Organizing Your Pantry

May 15, 2014

Organizing Your Pantry

By now, if you’ve been following this blog for a while, your closet will be tightly organized by type (pants/shirts/dresses) and then by color. Your shoes will be stacked in clear plastic boxes, one heel out, one toe out for ease in selecting a style. Your jewelry, accessories, and even your memories will be tidy and accessible, and your paperwork will be a small collection of labeled project folders, stacked in a neat and stylish folder box.

If all goes according to plan, your mind will be able to stop racing and relax when you walk in your front door at the end of a long day, content in the knowledge that your home life is in a state of blissful organization.

That is, until you open the pantry door to tackle dinner.

The pantry gets a lot of action; there’s food constantly going in and out. There may be multiple users, in which case some may not be on the same page about what should go where. In short, if left to its own devices, the pantry could become a recipe for disaster.

To salvage this, I reached out to professional organizer Laura Dantzler, founder and president of, to get the nitty-gritty on organizing a pantry — a chore that she believes is well worth the effort.

“While most of us don’t have the time, patience, or desire to alphabetize our canned goods and spices, an organized pantry makes meal planning, prep, and food shopping easier and quicker,” says Dantzler. And to get there, she breaks it down into bite-sized, manageable tasks.

Step 1: Sort, discard and donate

To start, Dantzler suggests pulling everything out of your pantry, discarding anything that is stale, bad, or expired, and donating any unwanted (but still edible) items to your local food bank.

Step 2: Clean and brighten

Wipe down and clean any shelves, walls, or floors in your pantry. If your pantry is painted anything but white, it might even be time to get out a paintbrush and a can of paint. “Creating a white background to your pantry makes it brighter and easier to find what you need,” says Dantzler. Once all is fresh and clean, it’s time to start organizing.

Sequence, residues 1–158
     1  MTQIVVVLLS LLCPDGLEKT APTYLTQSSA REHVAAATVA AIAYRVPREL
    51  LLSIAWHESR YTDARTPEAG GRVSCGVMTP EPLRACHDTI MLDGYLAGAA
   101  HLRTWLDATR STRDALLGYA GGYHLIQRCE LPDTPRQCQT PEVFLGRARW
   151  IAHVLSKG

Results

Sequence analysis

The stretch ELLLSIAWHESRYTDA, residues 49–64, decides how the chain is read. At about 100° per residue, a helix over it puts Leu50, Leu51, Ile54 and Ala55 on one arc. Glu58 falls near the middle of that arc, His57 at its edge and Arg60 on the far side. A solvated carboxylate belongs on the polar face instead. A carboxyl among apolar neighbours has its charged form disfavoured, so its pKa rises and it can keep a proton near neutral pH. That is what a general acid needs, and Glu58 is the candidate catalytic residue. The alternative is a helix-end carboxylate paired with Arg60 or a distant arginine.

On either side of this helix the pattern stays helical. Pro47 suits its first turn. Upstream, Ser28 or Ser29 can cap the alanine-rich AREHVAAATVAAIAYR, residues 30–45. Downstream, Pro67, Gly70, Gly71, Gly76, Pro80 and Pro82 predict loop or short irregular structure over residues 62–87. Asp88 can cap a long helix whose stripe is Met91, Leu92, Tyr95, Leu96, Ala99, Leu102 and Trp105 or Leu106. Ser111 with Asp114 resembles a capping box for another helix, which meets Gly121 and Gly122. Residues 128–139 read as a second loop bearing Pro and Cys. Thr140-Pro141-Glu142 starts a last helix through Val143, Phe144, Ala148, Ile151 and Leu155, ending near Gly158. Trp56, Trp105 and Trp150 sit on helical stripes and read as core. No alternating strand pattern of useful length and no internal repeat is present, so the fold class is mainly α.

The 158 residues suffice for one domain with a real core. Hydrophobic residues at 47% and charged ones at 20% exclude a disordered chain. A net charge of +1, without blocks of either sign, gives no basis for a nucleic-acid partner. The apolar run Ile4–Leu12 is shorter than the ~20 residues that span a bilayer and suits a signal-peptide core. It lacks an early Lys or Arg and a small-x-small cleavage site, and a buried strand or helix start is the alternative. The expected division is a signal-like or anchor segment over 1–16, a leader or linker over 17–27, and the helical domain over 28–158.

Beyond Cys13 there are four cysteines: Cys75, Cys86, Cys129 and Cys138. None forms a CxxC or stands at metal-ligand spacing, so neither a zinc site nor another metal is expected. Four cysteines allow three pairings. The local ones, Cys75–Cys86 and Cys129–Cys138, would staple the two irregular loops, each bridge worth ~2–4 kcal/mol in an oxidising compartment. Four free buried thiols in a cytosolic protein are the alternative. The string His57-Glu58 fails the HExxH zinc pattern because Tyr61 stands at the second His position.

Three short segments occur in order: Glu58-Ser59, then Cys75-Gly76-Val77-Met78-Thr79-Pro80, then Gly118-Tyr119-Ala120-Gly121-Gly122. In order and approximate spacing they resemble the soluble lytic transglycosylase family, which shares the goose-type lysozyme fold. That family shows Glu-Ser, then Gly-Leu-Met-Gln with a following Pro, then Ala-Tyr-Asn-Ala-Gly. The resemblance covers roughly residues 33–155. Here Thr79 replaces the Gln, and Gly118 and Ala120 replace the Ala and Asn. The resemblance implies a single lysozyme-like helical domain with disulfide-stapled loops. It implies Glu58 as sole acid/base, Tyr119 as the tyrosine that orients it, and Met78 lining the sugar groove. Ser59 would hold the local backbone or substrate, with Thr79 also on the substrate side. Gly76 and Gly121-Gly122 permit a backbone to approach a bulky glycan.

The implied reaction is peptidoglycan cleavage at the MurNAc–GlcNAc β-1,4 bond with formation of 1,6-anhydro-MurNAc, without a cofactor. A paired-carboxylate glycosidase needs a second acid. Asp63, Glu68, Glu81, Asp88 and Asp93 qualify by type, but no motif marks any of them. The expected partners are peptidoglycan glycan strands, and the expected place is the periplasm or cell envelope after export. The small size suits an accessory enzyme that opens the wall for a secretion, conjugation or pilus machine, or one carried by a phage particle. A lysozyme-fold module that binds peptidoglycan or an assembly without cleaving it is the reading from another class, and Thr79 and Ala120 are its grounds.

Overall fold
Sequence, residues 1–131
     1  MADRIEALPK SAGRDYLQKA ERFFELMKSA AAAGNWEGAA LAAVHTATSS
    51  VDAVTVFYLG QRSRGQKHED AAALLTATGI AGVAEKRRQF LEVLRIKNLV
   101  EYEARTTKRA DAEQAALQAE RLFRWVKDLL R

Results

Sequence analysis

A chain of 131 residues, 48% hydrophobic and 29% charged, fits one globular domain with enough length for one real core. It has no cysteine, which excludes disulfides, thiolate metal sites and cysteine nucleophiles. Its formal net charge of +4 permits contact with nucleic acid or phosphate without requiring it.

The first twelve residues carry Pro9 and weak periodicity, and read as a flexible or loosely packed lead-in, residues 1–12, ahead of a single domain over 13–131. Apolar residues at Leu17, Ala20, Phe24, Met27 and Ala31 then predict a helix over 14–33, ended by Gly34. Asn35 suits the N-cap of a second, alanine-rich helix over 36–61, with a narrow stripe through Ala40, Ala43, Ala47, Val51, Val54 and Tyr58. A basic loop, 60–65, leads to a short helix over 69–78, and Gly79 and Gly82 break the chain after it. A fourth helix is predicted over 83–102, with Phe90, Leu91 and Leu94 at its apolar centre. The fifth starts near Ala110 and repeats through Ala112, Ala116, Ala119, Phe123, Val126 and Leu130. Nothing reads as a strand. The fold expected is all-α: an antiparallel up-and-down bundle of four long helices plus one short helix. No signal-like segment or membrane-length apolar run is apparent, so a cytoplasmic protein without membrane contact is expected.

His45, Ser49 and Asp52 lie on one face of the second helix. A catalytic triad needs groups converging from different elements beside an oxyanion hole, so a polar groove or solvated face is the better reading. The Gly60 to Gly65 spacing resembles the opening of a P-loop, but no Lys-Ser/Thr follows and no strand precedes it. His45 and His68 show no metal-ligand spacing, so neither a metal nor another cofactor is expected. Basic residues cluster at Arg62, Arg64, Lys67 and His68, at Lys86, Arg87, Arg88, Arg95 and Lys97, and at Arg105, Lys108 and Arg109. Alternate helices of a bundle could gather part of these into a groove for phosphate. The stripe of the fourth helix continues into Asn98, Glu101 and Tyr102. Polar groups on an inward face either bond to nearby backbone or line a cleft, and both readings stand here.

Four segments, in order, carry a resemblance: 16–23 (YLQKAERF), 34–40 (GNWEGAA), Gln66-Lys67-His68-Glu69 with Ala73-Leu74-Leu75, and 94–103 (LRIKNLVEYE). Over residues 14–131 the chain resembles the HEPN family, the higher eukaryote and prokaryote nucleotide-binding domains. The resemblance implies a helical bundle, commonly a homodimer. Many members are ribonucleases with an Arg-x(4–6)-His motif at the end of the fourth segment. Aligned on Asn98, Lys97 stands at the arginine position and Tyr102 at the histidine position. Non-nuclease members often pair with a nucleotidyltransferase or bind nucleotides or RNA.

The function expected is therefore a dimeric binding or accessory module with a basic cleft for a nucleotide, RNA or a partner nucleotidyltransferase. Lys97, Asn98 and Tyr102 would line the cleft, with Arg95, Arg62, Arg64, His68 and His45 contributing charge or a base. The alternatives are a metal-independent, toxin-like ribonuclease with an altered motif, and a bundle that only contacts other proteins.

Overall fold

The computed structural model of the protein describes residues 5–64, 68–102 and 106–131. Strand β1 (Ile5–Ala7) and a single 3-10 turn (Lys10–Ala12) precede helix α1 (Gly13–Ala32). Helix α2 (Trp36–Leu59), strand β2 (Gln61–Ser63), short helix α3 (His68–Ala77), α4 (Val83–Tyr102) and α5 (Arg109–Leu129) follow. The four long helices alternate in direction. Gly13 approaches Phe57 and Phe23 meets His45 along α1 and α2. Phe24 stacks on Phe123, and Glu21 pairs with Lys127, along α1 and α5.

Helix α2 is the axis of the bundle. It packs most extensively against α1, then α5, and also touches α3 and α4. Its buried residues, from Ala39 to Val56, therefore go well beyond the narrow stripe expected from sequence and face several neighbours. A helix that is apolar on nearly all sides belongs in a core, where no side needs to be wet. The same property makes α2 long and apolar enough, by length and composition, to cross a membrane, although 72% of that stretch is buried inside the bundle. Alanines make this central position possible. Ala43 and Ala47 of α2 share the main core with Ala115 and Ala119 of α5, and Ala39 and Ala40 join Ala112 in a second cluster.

Step 3: Group and conquer

As a general rule, place heavy or bulk items on the bottom, things you use every day at eye level, and less frequently used items on higher shelves, and keep a foldable stepstool in your pantry if you have high shelves.

Dantzler further suggests grouping like items together such as baking items, breakfast items, snacks, and grains, and using labeled canisters to hold dry goods such as flour, sugar, and pasta. “Use square containers,” says Dantzler. “They take up less space because they fit more efficiently than round ones.”

Tiered organizers come in handy in allowing you to view different canned items or spices. Group and stack cans by content (such as soups, canned tomatoes, etc.). Newer ones should go in the back or on the bottom because they have longer shelf lives.

Dantzler suggests buying a lazy Susan for sticky or frequently used items, such as honey, vinegars, and olive oils. This will help when it’s time clean up any messes and allow easy visibility. Stainless steel options are usually sturdier and last longer.

“If you have kids, it’s a great idea to create their own ‘ready to grab’ snack shelf and use wire or clear baskets to group items together at kids’ height,” says Dantzler. “Bins should also be used to group smaller items together like teabags or dried fruits.”

And finally, no pantry is complete without a backup supply of your staple items for those times when you come back from vacation to an empty fridge or you completely forget to make your kid a school lunch. Make sure to have a jar of mayo and some cans of tuna on hand so you can always make a quick egg or tuna salad sandwich in a pinch. When you use a backup, make sure you add it to your shopping list to replace and all will be right with the world — or at least your organized home.

Nicola Ruiz

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